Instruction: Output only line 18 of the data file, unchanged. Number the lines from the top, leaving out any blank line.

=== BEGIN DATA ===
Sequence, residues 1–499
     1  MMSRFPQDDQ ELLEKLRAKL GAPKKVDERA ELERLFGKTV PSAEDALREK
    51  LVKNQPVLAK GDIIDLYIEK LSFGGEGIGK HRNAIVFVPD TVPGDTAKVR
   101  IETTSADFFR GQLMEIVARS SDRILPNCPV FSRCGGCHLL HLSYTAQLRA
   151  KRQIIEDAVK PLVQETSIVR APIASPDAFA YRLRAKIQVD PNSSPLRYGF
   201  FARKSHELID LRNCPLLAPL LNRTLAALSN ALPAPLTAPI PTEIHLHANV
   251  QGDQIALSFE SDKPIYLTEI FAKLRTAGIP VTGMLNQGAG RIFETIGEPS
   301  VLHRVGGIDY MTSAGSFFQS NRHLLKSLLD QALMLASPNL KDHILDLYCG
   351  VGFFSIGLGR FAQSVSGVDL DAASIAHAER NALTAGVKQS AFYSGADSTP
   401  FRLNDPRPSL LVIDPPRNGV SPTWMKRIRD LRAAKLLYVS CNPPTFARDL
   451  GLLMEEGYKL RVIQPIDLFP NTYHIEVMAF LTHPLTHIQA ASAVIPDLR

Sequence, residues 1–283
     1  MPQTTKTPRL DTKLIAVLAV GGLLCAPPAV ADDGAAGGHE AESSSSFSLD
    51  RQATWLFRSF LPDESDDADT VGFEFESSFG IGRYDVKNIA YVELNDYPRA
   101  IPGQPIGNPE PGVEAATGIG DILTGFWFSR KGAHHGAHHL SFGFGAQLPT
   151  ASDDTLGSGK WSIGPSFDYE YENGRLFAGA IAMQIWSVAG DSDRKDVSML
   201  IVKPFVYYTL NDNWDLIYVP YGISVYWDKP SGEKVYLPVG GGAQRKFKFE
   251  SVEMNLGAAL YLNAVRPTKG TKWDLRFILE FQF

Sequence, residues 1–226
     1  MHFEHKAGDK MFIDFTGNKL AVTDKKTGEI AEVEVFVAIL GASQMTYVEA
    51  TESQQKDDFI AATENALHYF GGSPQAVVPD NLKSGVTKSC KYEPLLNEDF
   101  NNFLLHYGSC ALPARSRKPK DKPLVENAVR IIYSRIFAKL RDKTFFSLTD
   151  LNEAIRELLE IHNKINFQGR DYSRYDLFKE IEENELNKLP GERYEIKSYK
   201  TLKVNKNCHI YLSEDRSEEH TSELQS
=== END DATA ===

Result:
   251  SVEMNLGAAL YLNAVRPTKG TKWDLRFILE FQF